An election, then a trial, poses unusual test for Surrey’s Mayor McCallum

An election, then a trial, poses unusual test for Surrey's Mayor McCallum
Ben Nelms/CBC

SURREY, B.C. — Incumbent Mayor Doug McCallum of Surrey, B.C., is facing consecutive challenges — one at the ballot box and the other in a courtroom.

It’s an unusual turn of events for McCallum, who was elected on a law-and-order platform in 2018 that included a flagship promise to scrap Canada’s largest RCMP detachment and create a Surrey police force. He now awaits trial on a public mischief charge.

McCallum is being challenged for the top job by seven contenders, including three former members of Parliament and a once-loyal councillor who defected from McCallum’s Safe Surrey Coalition to challenge the policies she’d initially supported.

Voters will cast their ballots on Saturday to elect a mayor, eight councillors and six school trustees.

McCallum is running as mayor for the fifth time since 1996, now with the slogan “Doug Gets it Done,” to highlight his delivery of some big-ticket 2018 promises.

They include ditching the RCMP in favour of a municipal police force, something he believes is necessary for B.C.’s second-largest city, which has experienced a wave of gang-related shootings.

The transition to the Surrey Police Service has been controversial. A group called “Keep the RCMP in Surrey” has been vehemently opposed to McCallum’s plan while his former colleague and now rival, Brenda Locke, is running to replace him under the Surrey Connect banner with a vow to reverse the shift in policing.

Elections BC spokesman Andrew Watson said a complaint has been filed against Surrey Connect alleging its candidates are working with “Keep the RCMP in Surrey,” considered a third-party advertising sponsor, in violation of a law governing local election campaigns.

Every complaint is reviewed but not all lead to an investigation, Watson said, adding it’s not yet known if that would happen in this case.

The wrangling over policing took a turn last September when McCallum complained to the RCMP that a member of the pro-RCMP group petitioning outside a grocery store ran over his foot.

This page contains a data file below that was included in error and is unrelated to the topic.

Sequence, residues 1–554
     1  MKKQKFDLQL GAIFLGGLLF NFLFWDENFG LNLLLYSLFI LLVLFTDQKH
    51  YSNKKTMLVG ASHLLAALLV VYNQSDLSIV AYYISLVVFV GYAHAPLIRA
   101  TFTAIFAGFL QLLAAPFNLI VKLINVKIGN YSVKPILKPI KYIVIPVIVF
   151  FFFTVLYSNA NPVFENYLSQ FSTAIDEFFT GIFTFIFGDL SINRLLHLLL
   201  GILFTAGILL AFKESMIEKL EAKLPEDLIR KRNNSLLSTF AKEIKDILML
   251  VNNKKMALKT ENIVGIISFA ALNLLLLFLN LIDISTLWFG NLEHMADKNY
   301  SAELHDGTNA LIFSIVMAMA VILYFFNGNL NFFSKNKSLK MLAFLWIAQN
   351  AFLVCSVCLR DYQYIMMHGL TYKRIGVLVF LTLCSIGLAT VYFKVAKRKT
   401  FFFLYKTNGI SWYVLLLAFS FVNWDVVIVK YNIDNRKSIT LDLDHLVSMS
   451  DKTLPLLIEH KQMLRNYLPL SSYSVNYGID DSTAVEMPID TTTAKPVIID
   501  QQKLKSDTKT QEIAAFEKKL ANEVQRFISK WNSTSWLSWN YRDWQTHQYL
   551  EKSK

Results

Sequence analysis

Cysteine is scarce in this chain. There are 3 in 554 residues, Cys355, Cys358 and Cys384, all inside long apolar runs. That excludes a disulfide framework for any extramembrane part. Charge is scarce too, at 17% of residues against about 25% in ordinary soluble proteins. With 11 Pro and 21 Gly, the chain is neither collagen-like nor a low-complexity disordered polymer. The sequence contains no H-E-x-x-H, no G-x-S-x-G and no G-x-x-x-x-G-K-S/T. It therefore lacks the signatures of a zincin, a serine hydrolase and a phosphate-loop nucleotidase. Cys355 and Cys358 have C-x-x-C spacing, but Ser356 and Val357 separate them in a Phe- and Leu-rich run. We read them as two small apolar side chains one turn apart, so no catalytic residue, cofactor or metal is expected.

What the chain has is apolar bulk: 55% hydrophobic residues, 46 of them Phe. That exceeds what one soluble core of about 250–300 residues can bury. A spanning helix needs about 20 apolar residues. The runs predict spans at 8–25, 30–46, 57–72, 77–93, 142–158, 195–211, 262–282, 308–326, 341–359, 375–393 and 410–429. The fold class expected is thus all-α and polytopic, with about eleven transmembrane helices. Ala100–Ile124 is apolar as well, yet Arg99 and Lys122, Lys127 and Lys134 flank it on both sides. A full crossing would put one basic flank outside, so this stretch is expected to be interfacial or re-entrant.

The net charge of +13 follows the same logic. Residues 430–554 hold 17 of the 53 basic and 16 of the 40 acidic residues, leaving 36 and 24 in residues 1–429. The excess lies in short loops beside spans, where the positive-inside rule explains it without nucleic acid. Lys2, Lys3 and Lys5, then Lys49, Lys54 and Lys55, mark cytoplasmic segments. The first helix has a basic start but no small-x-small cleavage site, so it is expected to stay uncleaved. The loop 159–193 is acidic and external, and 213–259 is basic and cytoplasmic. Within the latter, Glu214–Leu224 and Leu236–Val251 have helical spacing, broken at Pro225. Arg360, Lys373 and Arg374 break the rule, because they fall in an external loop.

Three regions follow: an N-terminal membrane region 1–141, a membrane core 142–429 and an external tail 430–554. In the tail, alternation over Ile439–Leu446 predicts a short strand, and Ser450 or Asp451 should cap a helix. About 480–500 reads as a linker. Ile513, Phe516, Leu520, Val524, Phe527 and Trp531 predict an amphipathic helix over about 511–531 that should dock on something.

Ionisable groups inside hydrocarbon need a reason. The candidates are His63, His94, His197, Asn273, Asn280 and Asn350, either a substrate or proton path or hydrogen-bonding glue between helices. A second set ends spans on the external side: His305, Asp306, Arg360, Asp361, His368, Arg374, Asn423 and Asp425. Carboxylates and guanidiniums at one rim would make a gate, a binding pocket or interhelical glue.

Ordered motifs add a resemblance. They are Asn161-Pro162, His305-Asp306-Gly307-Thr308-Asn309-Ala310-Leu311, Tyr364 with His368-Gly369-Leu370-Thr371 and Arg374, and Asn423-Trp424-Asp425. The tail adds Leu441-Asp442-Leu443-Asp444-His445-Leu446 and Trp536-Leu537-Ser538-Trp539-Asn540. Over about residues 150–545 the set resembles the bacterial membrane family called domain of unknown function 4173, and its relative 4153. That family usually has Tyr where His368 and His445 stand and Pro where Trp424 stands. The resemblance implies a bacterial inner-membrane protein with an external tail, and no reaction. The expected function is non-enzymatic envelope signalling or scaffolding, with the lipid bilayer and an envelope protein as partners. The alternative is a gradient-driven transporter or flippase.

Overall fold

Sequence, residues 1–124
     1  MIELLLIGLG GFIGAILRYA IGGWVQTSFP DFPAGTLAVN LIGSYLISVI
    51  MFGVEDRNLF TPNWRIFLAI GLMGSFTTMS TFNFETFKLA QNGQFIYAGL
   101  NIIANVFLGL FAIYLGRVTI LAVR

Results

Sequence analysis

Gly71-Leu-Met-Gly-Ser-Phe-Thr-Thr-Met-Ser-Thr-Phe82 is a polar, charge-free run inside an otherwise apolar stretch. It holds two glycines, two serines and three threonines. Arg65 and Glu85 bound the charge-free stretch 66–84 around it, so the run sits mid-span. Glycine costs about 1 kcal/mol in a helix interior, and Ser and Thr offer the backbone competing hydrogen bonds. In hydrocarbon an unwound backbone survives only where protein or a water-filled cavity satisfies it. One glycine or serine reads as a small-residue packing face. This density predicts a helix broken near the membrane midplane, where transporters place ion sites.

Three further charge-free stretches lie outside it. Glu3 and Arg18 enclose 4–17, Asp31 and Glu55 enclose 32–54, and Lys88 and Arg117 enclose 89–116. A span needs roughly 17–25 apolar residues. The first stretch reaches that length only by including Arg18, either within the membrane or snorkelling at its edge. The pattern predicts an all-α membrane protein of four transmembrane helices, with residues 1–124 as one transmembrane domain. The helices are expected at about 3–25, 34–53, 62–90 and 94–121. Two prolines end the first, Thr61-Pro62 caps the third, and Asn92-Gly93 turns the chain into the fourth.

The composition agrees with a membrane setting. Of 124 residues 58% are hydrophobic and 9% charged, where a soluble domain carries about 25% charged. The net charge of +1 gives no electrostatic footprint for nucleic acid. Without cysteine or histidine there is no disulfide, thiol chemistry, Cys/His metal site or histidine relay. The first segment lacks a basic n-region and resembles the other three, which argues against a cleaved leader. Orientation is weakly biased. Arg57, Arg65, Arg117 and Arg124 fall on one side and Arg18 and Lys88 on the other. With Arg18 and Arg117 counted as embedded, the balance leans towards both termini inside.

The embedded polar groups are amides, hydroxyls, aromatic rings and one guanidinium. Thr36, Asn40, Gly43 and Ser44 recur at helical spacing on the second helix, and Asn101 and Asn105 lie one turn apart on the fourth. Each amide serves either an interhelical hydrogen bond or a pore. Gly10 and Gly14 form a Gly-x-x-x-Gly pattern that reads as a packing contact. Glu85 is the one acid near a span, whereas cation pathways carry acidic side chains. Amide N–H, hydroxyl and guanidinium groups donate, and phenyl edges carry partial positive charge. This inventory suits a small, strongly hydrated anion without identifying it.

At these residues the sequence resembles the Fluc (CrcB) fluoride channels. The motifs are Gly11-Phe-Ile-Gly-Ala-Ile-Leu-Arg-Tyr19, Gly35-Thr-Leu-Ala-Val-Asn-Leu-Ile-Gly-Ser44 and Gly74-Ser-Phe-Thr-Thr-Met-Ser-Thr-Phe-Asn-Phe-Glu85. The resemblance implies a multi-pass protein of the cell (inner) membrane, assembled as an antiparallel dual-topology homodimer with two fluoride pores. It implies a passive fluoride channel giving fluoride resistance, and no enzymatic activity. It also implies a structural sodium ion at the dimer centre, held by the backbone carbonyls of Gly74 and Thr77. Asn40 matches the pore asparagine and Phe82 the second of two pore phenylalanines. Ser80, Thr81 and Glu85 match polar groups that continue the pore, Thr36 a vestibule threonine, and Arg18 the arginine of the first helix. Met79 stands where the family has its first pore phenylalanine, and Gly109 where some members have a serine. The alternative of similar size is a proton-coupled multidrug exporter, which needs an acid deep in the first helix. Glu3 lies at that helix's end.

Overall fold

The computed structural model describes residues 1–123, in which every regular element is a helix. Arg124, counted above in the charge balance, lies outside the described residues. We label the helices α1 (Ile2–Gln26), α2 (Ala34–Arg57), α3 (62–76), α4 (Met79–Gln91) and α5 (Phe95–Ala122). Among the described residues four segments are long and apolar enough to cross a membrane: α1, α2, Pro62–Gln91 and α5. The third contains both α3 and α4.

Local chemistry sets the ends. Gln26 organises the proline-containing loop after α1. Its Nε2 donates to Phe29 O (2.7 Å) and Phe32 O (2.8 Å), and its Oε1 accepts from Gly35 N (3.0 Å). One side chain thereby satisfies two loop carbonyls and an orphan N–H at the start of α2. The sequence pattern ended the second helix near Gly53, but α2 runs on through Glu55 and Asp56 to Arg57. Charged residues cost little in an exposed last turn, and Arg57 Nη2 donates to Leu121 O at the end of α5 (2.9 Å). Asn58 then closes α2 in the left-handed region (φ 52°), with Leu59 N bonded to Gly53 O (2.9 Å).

But three months later, McCallum was charged with public mischief related to his complaint, with a trial scheduled to start on Oct. 31. The BC Prosecution Service has said the investigation was handled by the B.C. RCMP major crime section, which is not based in Surrey.

McCallum, who also promised to fast-track the yet-to-be-completed SkyTrain to Langley, now wants to build a 60,000 seat stadium and also extend transit to the Newton neighbourhood in his city.

McCallum was not available for an interview despite repeated requests.

Hamish Telford, associate professor of political science at the University of the Fraser Valley, said voters who support the incumbent mayor because he backed up some seemingly lofty promises could face a difficult decision at the polls before his looming trial.

“If he is found guilty later and is given some kind of suspended sentence or community service, or both, he could still go to his office and do his job. Morally, maybe he shouldn’t,” Telford said.

Locke said the city should not be paying McCallum’s legal bills because the alleged hit and run happened on his own time when he was grocery shopping.

While she supported McCallum’s replacement of the RCMP when she was on council with him at the helm, Locke said decisions around the transition, which required provincial approval, were made “behind closed doors,” without input from councillors or the public, and will end up costing millions of dollars.

“I would never have dreamt that he would have said we’re going to do this and not do a feasibility study, a cost-benefit analysis and an impact study. None of that was done.”

Surrey Police Service officers earn the highest pay among their counterparts in Canada, Locke said, adding about 150 of them are currently working in the city, which has 643 Mounties.